Physical activity can also be an ally when it comes to fighting BPH, says Harvard Medical School. A study that evaluated the responses to questionnaires of more than 30,000 men concluded that there is an inverse relationship between the practice of physical activity and symptoms of BPH, even among men whose physical activity was of moderate intensity. The ideal is to exercise for 30 to 60 minutes a day, several days a week. You can do this by brisk walking, cycling, swimming or water aerobics. Any physical activity is good to stay active.

control your weight.

Although the correlation between obesity and prostate cancer is limited and controversial, some studies associate it with a higher incidence of the disease. The World Health Organization (WHO) defines obesity as a disease in which “excess accumulated body fat can reach degrees capable of affecting health”, and “this excess results from successive positive energy balances, in which the amount of Energy taken in is greater than the amount of energy expended.

The Body Mass Index (BMI) allows evaluating the ratio between weight and the square of height, that is, the adequacy between weight and height. Pre-obesity is defined as a BMI 25-29.9 Kg/m² and obesity as a BMI >= 30 Kg/m². These people should seek help from a specialized health professional to control their weight.

Get screened from the age of 45 or 50.

To prevent prostate pathology, especially cancer, one of the best pieces of advice is to keep your screenings up to date and make an appointment if and when symptoms appear. “Screening is recommended for men from 50 years old or from 45 years old in men with a family history”, recalls Frederico Ferronha. That is, men whose father or brothers had prostate cancer should start screening earlier. The most common exams are the digital rectal exam and the analysis of the prostate specific antigen (PSA), but the doctor can prescribe others, depending on the specific situation.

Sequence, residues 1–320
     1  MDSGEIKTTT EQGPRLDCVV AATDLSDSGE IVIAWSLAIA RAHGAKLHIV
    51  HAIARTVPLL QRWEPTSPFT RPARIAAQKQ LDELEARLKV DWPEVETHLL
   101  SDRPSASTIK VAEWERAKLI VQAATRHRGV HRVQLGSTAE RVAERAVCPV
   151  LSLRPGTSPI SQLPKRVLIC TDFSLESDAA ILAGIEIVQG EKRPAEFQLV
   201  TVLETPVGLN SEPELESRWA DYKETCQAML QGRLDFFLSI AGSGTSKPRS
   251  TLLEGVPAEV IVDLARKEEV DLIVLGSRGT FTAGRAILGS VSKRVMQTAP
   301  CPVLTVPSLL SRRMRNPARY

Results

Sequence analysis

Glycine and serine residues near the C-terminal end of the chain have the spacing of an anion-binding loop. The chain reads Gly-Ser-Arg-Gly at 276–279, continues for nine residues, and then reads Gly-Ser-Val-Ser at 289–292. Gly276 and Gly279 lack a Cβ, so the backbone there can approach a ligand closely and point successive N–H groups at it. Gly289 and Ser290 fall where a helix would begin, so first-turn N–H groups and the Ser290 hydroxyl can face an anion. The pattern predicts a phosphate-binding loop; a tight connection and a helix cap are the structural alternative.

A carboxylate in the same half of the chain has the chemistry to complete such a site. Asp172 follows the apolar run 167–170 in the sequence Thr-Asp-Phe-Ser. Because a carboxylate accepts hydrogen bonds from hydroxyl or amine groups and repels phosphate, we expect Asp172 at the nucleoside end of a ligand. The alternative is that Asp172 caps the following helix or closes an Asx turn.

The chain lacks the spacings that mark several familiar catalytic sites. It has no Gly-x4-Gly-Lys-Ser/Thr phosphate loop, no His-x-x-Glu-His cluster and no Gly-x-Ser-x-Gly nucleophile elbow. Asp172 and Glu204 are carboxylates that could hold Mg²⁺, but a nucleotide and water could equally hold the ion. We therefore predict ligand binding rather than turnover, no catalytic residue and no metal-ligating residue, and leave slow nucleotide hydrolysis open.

Consult the urologist if you have symptoms.

Regardless of age, any man should make an appointment with his attending physician or urologist if symptoms appear, “namely emptying symptoms, such as difficulty urinating, weak urinary stream, hesitation, intermittency and abdominal effort to urinate; storage symptoms such as urgency and nocturia; or even burning or hematuria (blood in the urine).”

Is there medication to reduce the risk of prostate cancer?.

There were some studies that appeared to show that medication used to delay benign prostatic hyperplasia reduced the incidence of some types of cancer. Currently, this idea has been abandoned. “Its effectiveness in preventing cancer has not been proven”, demystifies Frederico Ferronha.

Take note.

According to the American Cancer Society, there are risk factors with contradictory results in studies: some conclude that they are risk factors for prostate cancer and others do not. They are: being a smoker, having already had prostatitis, having had sexually transmitted diseases – such as gonorrhea –, having had a vasectomy. Urologist online consultation